What’s On

Experts debate whether mobile offers marketers enough options to spend

The famous “year of mobile” came and left, even as the  medium continues to be a focal point of interest for all concerned, and arguably still needs to be decoded from a marketing perspective. Today, there are enough examples of cases where even the marketers who assigned spends dedicated to mobile did not find enough ad options or repeatable formats to put those spends to good use. The subject was debated at Mobillion India 2015 where industry veterans Vikas Gulati, Managing Director, Asia Pacific at Opera Mediaworks and Tushar Vyas, Managing Partner of South Asia at GroupM locked horns on the opportunities for marketers for creating brand identity on the mobile platform.

Ronita Mitra, Senior Vice President of Brand and Insights in India at Vodafone was  the Debate Chair, as  Mr Gulati and Mr Vyas argued for and against the motion respectively.

Various researches have pointed out that despite the entire buzz around mobile marketing in India there is still a very small percentage of advertising spends that go to mobile and most of them are largely focussed on mobile search.

According to Mr Gulati, “mobile is not intrusive but an engaging tool. Brands have conventionally loved the television medium but they are making efforts to give the same experience to its consumers on mobile.” He further added that mobile is capable to adding audiences like no other device.

Going forward in 2015 and beyond, the broader areas that mobile will be looking more closely at include audience targeting, video and native advertising. As compared to its counterparts in the Western and the European countries , India still has a long way to go in the mobile marketing but it is the pace of its growth that will put the mobile story of India at the forefront.

Mr Vyas formed his motion around the argument that mobile is not just a medium but an ecosystem. “Being an output driven medium it is facing various challenges such as changing currency and governance issues,” he said.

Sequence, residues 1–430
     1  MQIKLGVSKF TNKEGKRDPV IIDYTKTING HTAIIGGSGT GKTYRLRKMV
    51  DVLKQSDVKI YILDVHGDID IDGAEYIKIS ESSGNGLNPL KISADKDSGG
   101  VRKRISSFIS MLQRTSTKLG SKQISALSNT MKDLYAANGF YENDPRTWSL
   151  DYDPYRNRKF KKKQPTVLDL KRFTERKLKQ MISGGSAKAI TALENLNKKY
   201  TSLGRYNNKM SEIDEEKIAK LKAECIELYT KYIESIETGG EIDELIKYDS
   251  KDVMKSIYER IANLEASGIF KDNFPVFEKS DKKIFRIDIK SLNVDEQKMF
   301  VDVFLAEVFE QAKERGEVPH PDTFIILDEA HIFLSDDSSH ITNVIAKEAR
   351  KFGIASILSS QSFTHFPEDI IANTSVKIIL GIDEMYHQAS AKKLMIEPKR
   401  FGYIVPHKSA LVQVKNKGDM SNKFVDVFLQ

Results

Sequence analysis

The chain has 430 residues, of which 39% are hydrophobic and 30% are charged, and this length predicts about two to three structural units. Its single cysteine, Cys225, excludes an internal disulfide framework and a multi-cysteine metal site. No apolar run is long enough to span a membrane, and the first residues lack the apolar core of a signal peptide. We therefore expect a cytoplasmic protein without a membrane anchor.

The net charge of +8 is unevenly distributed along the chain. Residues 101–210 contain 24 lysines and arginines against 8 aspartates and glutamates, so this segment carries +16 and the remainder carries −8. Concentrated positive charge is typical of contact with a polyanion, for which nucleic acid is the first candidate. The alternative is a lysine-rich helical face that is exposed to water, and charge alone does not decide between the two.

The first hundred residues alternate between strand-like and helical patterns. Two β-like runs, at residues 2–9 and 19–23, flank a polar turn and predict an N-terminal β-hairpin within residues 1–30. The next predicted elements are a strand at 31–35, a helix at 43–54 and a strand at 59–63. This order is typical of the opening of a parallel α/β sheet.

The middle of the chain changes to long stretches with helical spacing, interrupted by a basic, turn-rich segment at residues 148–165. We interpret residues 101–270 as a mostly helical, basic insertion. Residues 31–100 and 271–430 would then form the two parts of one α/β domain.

Marketers need to understand that interruption cannot be termed as innovation. A lot of brands in the Indian marketing arena are looking at innovation in brand communication but the approach has to be tactical and not fundamental in order to drive maximum benefits of brand building on mobile, Mr Vyas added.

Specific to the Indian marketing arena, issues such as investment in mobile content, readiness of multi-lingual audience and the inability of mobile handsets to adopt hi-end technology are some major concerns that continue to haunt the growth of mobile, he added in support of his argument against the motion at the debate.

While Mr Vyas also could not deny the success story of the mobile, he pointed out that the growth of mobile in India will be a victim of the same mistakes which we were made in the dot-com age. Instead of shrinking desktop ads to mobile, advertisers should be focussed on creating mobile-friendly ads. But both, Mr Gulati and Mr Vyas agreed that the quick turnaround time of digital will contribute largely to building brands on mobile.

The Debate Chair, Ms Mitra, concluded that despite the strong case for mobile, the truth was that marketers’ spend on the medium is marginal. The industry needed to work together a lot more closely to change this, and to create a roadmap to achieve this.